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Saturday, November 26, 2016

Autistic Rhodes Scholar

In The Politics of Autism, I discuss the growing number of college students on the spectrum.  They face many challenges, but there are also inspiring stories of success. Here is one.

At The Post and Courier (Charleston, SC), Lauren Sausser reports on Jory Fleming, a University of South Carolina student who has just won the Rhodes Scholarship. At Oxford, he will pursue a degree from  the School of Geography and the Environment.
Fleming is a unique candidate for the Rhodes Scholarship on his merits alone. He previously was named both a 2016 Goldwater Scholar and a 2016 Truman Scholar. But his achievements are even more impressive in light of the health obstacles he has faced. Fleming was diagnosed with autism when he was 5 years old and suffers from a genetic condition that limits his medical independence.
He wears leg braces to improve his mobility and is accompanied everywhere on campus by a therapy dog named Daisy. His mother and caregiver Kelly Fleming will move to England with him next year, "an adventure for all of us," he said.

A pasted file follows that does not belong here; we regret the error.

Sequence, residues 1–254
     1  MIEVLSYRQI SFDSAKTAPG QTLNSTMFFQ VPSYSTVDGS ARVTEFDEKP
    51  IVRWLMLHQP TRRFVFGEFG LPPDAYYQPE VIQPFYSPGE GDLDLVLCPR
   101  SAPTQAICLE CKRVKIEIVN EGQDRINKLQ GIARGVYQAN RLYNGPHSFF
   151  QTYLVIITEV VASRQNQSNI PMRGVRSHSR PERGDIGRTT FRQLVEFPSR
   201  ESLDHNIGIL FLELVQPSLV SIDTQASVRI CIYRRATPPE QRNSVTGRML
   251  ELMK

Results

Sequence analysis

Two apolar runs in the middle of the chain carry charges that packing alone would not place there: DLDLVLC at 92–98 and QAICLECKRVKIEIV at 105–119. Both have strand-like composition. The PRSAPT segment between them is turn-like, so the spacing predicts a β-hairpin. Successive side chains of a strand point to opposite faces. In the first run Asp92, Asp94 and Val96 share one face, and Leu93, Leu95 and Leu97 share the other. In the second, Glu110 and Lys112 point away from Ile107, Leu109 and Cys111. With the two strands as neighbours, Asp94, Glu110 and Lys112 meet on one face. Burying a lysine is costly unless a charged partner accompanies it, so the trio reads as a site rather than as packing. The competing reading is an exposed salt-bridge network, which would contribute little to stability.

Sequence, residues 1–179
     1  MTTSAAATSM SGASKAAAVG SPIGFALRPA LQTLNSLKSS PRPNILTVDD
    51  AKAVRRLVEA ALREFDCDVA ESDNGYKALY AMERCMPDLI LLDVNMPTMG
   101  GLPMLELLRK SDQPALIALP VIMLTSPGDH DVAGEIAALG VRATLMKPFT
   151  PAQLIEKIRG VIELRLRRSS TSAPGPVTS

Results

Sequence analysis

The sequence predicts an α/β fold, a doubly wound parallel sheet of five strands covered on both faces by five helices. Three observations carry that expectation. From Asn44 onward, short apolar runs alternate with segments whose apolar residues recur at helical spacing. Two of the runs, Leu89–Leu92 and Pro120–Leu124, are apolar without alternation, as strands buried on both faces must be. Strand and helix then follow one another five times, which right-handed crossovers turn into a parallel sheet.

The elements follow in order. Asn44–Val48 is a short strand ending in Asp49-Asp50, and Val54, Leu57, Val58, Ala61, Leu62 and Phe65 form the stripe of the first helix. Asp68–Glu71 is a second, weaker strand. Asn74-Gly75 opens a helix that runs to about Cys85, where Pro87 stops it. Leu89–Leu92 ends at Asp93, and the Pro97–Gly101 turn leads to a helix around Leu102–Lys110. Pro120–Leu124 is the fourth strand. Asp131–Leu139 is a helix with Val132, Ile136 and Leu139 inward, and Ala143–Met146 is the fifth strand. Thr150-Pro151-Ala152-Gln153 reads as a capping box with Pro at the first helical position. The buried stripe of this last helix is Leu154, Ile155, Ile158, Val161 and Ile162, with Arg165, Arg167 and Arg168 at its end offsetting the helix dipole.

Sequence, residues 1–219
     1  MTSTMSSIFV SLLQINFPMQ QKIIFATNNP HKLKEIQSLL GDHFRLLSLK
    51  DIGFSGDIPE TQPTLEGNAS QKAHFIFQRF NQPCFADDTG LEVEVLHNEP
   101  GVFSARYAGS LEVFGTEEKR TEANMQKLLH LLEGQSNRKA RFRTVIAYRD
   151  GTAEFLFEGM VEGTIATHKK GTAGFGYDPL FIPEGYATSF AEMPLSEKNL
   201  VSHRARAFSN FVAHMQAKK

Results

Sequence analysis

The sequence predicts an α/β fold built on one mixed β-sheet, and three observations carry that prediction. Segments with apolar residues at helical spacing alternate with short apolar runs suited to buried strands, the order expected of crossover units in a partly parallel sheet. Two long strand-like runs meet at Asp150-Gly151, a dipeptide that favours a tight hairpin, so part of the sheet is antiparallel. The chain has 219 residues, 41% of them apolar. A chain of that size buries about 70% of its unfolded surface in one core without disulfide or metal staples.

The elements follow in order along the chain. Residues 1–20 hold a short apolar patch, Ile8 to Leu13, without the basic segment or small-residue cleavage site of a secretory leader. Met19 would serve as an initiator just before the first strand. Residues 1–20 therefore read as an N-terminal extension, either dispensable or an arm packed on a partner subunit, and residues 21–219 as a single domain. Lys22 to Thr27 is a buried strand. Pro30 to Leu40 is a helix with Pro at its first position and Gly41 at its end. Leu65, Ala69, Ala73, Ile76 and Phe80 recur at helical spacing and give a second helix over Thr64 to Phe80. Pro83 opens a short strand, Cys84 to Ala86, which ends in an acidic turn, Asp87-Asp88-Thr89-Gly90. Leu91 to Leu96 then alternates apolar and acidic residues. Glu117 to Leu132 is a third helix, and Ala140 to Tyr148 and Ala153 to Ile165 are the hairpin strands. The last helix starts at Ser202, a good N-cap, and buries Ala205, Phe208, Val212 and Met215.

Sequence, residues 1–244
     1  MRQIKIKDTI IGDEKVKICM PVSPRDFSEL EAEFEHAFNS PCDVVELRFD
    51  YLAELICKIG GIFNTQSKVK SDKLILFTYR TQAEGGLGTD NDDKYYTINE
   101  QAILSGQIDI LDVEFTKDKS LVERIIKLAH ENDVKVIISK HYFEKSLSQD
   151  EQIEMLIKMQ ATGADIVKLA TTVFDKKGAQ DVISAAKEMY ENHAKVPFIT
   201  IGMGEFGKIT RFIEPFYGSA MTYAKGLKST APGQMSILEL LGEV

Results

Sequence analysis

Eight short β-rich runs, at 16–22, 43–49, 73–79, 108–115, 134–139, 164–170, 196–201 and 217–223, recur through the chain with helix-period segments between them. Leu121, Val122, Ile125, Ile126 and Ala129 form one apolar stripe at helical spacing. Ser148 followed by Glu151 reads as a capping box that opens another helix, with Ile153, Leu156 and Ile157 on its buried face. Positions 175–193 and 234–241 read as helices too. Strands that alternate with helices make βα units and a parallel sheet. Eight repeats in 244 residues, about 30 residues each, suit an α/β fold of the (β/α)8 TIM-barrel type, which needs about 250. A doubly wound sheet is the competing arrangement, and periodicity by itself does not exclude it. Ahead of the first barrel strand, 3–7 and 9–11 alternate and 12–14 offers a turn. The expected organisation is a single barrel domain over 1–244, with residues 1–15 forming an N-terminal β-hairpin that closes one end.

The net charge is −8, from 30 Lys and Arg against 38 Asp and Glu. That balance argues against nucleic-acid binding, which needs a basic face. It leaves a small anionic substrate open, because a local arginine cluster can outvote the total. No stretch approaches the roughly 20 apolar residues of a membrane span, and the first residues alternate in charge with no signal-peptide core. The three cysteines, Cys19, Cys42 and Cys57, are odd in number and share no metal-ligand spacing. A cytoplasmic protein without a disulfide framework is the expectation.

The Flemings, who live in Columbia, are up for the challenge. As a newborn baby, Kelly Fleming said Jory faced severe medical complications, and later, development delays.
"It’s been a long road, but I hope his story gives hope to other people with children with autism," she said. "They all have their strengths and if you pull them out, it can be so beneficial. Jory has an entirely different way of looking at the world. I think we need to appreciate that and not just value what we consider normal brain functioning."
Apparently, the judges were impressed. Only 32 Rhodes Scholars from the United States were named Nov. 19. Fleming is the only one who has been diagnosed with autism.
He tried to explain how the disorder, which now afflicts an estimated one in 68 children, has helped him.

"I’m definitely different in terms of how I probably think. My memory happens to be really good as a result," he said. "It’s hard for me to say because it’s just me. I don’t really know what it’s like to not be me. Does that make sense?"